Timms sees the early team of people who came together to develop the strategy for Giving Tuesday not just as an advisory board, but as a management team. Among the dozen or so people on that team were an investor, a social media strategist, a political scientist, and others–each with expertise in their own particular area of campaigning, planning, and philanthropy. “It was a really interesting experiment and a really successful one,” says Timms.
While it might seem counterintuitive when thinking about a social media strategy, Timms spent much of his time in the early days of the campaign having in-person meetings with places like Facebook, Mashable, and the United Nations Foundation. At each of these meetings, he asked the same questions: What would you do as part of Giving Tuesday? What ideas do you have?
Beyond assembling a core team of influencers and advisory members, Timms also had to figure out a way to spread and scale the message of the campaign by taking a grassroots approach. From the start, the campaign used a decentralized media strategy, seeking out social media ambassadors to spread the word. Timms and his team created free media training resources to teach nonprofits and organizations across the country how to pitch themselves to their local news outlets and better engage on social media.
Soon there were 50 people around the country who Timms had never met, each talking about Giving Tuesday on their local news stations. “The conversation we are having is not a new one,” he says. “A lot of people focus on creating content. What is new is how we think about creating context.”
Early on, Timms made the decision that branding for #GivingTuesday would not be married to a specific criteria of language and logos. It wasn’t going to have the 92nd Street Y’s name all over it, so that different organizations and groups could adapt the campaign in a way that made it feel more their own.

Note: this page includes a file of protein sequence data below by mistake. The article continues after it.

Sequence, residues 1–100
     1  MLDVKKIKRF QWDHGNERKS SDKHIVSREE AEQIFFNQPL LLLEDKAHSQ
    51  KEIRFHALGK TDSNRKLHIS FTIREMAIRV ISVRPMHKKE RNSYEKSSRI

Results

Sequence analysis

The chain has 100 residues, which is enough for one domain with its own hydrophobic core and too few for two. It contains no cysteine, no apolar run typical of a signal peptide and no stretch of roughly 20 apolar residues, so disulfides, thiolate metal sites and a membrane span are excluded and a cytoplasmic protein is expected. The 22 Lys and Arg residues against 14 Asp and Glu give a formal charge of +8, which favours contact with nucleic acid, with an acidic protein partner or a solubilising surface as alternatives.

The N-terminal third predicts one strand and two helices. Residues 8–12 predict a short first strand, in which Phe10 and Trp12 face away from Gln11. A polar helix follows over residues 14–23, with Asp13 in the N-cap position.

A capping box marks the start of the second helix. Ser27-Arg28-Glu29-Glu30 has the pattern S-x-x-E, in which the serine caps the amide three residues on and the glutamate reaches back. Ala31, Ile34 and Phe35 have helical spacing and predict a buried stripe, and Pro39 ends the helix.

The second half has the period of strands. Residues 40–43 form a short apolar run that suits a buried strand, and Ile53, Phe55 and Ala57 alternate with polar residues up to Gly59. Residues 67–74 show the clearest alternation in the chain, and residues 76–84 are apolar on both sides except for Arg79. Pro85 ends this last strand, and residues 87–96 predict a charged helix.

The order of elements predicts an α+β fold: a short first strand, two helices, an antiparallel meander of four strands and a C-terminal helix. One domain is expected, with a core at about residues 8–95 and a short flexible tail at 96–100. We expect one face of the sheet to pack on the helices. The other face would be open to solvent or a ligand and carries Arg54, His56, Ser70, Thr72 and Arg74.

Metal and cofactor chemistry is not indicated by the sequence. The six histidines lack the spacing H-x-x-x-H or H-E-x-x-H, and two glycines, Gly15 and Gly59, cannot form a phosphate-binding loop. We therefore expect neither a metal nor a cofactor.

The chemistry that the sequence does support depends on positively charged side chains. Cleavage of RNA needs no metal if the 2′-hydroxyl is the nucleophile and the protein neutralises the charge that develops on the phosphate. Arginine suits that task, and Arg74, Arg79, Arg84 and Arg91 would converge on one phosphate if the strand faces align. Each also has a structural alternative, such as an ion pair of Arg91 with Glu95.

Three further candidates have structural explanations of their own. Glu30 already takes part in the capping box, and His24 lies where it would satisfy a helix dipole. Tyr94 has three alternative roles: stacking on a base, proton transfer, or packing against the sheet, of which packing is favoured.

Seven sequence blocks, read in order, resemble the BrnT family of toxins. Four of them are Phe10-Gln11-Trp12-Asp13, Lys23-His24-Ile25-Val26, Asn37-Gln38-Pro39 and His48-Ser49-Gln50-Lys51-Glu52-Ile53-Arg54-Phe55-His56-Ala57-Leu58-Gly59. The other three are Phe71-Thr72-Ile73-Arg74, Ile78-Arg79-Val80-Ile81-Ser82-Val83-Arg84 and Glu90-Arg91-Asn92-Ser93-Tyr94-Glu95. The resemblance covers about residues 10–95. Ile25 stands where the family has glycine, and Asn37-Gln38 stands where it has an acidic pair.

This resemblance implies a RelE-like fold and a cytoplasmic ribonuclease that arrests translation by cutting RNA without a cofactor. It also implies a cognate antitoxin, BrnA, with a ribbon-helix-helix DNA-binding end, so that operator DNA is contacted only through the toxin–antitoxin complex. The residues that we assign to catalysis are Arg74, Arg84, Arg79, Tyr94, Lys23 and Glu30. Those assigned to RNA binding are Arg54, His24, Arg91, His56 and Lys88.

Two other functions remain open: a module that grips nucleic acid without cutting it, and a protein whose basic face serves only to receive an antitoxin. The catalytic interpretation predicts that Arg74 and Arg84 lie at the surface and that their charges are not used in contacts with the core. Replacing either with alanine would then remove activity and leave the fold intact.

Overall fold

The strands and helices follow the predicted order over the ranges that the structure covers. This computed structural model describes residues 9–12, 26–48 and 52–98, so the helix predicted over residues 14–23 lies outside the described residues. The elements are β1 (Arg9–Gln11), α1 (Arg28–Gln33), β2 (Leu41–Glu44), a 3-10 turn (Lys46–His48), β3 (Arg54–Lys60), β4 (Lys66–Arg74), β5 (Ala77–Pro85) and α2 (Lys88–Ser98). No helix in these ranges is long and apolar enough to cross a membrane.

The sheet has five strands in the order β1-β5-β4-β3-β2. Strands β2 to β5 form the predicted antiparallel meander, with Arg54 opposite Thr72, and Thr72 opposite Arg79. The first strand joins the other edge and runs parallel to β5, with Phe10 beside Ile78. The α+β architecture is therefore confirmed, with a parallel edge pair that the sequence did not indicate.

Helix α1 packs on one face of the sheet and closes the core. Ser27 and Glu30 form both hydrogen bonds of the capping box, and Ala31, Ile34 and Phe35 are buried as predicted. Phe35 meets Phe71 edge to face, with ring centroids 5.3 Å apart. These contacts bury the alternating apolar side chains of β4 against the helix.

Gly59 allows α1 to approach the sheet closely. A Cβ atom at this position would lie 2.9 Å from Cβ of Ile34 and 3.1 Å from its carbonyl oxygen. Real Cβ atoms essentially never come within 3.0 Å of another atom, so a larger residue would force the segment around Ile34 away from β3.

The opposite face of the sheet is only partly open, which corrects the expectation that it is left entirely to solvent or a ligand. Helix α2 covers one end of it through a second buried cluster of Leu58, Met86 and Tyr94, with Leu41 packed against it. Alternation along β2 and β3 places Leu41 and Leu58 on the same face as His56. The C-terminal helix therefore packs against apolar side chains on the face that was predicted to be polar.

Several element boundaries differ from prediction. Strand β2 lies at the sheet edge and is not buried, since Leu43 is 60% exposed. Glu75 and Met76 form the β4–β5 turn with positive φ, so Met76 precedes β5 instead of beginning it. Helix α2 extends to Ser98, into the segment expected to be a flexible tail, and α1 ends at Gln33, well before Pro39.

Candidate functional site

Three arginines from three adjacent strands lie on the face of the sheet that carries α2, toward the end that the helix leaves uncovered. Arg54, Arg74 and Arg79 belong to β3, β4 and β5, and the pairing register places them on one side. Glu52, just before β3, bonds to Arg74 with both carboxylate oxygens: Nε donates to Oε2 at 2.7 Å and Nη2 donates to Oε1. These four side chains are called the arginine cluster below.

It’s an approach that’s markedly different from the old-fashioned take on branding, says Timms. “The old-power way of thinking of a project like this is thinking of it as a franchise. You make sure everyone fits into the boxes provided,” he says. Rather than restricting the campaign’s messaging and logos, he wanted to open them up. “We made a decision that it was designed to be open-sourced and owned by other people,” says Timms. “This gives people more freedom . . . It brings a lot more creativity to the model.”
That creativity in adapting the campaign has involved countless projects around the world from communities big and small. For example, the Nightingale-Bamford School in New York created a curriculum to teach kids how to become philanthropic at a younger age; the Bmore Gives More campaign raised $5.7 million last year in Baltimore alone; the #DiadeDoar campaign was launched to promote giving in Brazil; and this year, the “My Giving Story” contest asks entrants to share their stories of philanthropic giving for a chance to win a lump sum of money to donate to a nonprofit of their choice.
“Lots of people are talking about it . . . not just one superstar person,” says Timms. “This is less superstar and more superconductor. It’s now a team of teams around the country and the world.”